Sarah: Well guys, I'm happy to report that with the help of APTA's advocacy efforts, telehealth is here to stay for the foreseeable future. As of May 2023, CMS will allow the provision of telehealth services across a range of facilities just as they were permitted during the public health emergency. The major advocacy win means that PTs in skilled nursing facilities, home health and rehab agencies can continue to provide remote services under Medicare Part B. Although CMS has yet to say when those allowances might end, CMS stipulated that telehealth could continue through the end of 2023 in these settings. This potential end date, though, does not line up with the telehealth end dates for PT and PTA's in private practices, which are expected to be extended through December 31st, 2024. APTA, ASHA, and AOTA are pushing for answers, which CMS will most likely provide when it issues the 2024 proposed Medicare physician fee schedule later this year or just the fee schedule. Meanwhile, APTA, APTA and other organizations are pushing for lawmakers to permanently include PT's and PTA's in the list of providers allowed to provide telehealth services under Medicare. An APTA backed bipartisan bill, to do just that, was introduced in the House of Representatives on June 6th. We could really use your voice to make this a reality. Go to the APTA Patient Action Center to send a message to your lawmaker, encouraging them to support the expanded Telehealth Access Act, AKA HR 3875, and for even more good news. For the time being, Medicare fee for service beneficiaries can expect coverage of RTN and RPM procedures and patients can continue to bill for RTM codes under the Medicare physician fee schedule.

Candace: Thanks Sarah for keeping our Members in the know about the latest telehealth news. Now let's chat a bit about the future of physical therapy summit that's coming up.

Stacey: While registrations off to a great start and we're super excited about our keynote speakers, there's major Danielle Anderson who provides care to NASA astronauts while gathering information to enable human performance optimization before, during, and after spaceflight. As the US looks to the future of manned operations into space, she ensures that medical the medical community is well equipped to support and train for such operations. The other keynote speaker is Doctor Conor Walsh and he's a Paul Maeder professor of engineering and applied sciences at Harvard, Johnny Paulson School of Engineering and Applied Scientists Sciences. His multidisciplinary Harvard Biodesign lab brings students, researchers and staff together with clinical collaborators to tackle projects from multiple perspectives, with a focus on approaches that can all smoothly lead to translation of new technologies.

We'll also have presenters demoing motion AI, chart auditing AI, remote therapeutic monitoring, virtual reality, virtual front desk and force plates. There will be plenty of time for networking and a few surprises for attendees.

Candace: Exciting stuff, Stacey. Speaking of New Kellen, thanks for joining us on the podcast today for the first time, a special welcome to you.

Kellen: Thanks for having me.

Candace: You work as the associate managing editor with PTJ: Physical Therapy & Rehabilitation Journal. Give us the scoop on a few key articles.

Kellen:  PTJ published 4 great articles recently. First, Seth Peterson published a point of view about narrative and physical therapy and how storytelling can help physical therapists better understand patients, themselves, and their place in the world. The article is titled How Stories Help Us See Ourselves. The power of storytelling by physical therapists, and it's gotten a lot of attention on Twitter. Check out at Doctor Seth PT and at Ptjournal to join the conversation.

Second, Ndidiamaka Matthews and colleagues published a case report titled implementation of a comprehensive Anti Racism plan in an academic physical therapy department, which describes the systematic approaches taken by a physical therapy department to implement long term support for equity, diversity, inclusion and antiracism in the University of Southern California healthcare system. The report discusses the four strategies they contribute to organizational change, which are holding ourselves accountable, developing a plan, building consensus, and providing education, support and resources.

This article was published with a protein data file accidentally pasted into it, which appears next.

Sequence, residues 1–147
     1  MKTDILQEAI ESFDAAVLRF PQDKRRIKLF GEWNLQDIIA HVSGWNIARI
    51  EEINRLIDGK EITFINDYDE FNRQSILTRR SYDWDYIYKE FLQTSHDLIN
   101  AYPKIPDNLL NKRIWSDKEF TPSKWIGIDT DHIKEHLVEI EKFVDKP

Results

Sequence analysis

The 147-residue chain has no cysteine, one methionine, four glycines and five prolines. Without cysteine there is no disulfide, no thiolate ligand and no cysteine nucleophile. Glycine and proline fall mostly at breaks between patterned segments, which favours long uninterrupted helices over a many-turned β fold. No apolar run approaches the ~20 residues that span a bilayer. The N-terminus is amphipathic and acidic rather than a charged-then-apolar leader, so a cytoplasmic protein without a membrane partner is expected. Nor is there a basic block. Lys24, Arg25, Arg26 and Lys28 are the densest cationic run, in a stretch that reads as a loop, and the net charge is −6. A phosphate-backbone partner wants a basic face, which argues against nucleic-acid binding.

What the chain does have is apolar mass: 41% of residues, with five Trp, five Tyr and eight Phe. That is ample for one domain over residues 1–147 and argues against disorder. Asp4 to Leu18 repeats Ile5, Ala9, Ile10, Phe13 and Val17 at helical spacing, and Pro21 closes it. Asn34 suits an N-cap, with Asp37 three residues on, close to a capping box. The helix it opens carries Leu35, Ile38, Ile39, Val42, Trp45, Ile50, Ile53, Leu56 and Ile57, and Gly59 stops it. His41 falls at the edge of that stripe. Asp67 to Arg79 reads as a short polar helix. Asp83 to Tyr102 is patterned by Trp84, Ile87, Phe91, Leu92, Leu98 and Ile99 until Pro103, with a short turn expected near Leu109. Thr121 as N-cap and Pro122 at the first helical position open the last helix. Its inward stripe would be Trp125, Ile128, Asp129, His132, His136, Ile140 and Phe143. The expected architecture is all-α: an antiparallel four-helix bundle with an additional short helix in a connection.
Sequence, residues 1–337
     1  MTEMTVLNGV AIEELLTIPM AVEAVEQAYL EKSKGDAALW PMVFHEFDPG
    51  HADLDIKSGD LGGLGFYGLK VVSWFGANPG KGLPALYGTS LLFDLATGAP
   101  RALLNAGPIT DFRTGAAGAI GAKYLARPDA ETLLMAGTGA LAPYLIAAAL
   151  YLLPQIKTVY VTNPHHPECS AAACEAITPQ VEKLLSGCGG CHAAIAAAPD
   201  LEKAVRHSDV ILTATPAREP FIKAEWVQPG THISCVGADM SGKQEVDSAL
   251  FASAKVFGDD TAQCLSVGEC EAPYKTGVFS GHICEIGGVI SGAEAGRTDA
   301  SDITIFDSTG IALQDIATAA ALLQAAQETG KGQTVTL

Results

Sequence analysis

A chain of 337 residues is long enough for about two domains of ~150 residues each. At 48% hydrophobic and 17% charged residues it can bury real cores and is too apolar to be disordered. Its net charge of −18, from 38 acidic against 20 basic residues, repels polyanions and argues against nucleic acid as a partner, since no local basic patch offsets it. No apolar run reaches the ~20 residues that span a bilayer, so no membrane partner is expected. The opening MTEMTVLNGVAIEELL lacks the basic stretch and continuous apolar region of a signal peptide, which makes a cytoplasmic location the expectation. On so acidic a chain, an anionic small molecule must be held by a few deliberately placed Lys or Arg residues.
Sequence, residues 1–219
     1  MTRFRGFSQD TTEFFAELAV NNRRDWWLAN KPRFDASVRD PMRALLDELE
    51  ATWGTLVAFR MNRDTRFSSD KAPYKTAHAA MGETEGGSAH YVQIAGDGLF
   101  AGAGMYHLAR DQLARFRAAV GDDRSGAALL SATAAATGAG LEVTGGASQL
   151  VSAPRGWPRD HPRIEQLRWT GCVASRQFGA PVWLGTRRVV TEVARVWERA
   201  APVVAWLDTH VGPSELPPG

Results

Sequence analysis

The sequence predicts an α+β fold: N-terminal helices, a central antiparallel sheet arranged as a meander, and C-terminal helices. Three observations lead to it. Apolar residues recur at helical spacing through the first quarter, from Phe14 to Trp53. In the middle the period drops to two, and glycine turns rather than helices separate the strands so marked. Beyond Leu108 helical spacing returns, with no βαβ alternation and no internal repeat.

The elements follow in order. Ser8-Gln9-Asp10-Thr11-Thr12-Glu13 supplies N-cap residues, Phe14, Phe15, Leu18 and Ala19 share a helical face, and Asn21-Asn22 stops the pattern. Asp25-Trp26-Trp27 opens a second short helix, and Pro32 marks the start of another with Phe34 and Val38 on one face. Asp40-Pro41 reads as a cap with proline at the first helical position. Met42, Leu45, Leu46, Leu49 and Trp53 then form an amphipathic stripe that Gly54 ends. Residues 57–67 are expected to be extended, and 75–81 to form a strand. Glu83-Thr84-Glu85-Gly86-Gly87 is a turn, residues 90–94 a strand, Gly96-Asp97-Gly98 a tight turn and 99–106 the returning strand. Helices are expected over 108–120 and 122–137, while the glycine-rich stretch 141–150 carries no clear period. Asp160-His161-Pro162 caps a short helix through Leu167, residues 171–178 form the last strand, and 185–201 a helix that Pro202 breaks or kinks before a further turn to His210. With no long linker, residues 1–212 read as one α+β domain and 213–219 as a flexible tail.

Finally, Chris Mayne and colleagues published 2 companion perspectives on how to implement psychologically informed practice, which is a framework that includes a special focus on psychosocial obstacles to recovery. The first article titled Psychologically Informed Practice the importance of communication and clinical implementation or use the significance of clinical consultations. The second article, titled The Psychologically Informed Practice Consultation Road Map, a clinical implementation strategy, offers a guide on how to structure those clinical consultations.

But don't worry, you didn't catch all those details. We'll put the links to all these articles on the episode page on Go check them out.

Candace: Absolutely, Kellen. And remember folks, all members get free access to PTJ, so we're going to wrap things up for this episode with a few more resources for our members.

Sarah: That's right. Candace May was mental Health Awareness Month and we know just how important it is for PT and PTAs to take time for their own health and well being all year round. We gathered up resources from APTA, the American Psychological Association, the National Alliance on Mental Illness, and others to help clinicians when it comes to self care. One of my favorite resources on the list is a Ted talk on why we all need to practice emotional first aid. That's like care for the mind, the same way that you care for the body.

And finally I've got an update on APTA's digital health app formulary powered by ORCA. That site will go live for all APTA members on July 21st, the same day as APTA future of PT Summit in Washington, DC.

Candace: Thanks so much, Sarah. It's always a good time to prioritize your mental health. I want to take the time to thank Stacy, Jeanine, Sarah and Kellen for joining me today and for sharing outstanding updates about what the practice team has been working on. I know I can speak for our listeners when I say thank you for all the work you're doing. OK, that about wraps it up for this episode, but just a quick reminder to all our listeners. APTA's website is where you can find a wealth of practice information. So I hope you'll make it a regular stop if you want to keep up with all the latest happenings, be sure that you're subscribed to APTA weekly, the free member email we sent out on Wednesdays that connects you with news, resources, journal articles, and more. And since you're still hanging around, go ahead and pop over and follow us on Facebook and Twitter so you don't miss a thing. Once again, I'm Candace Lambert and thanks so much to our members and supporters for listening.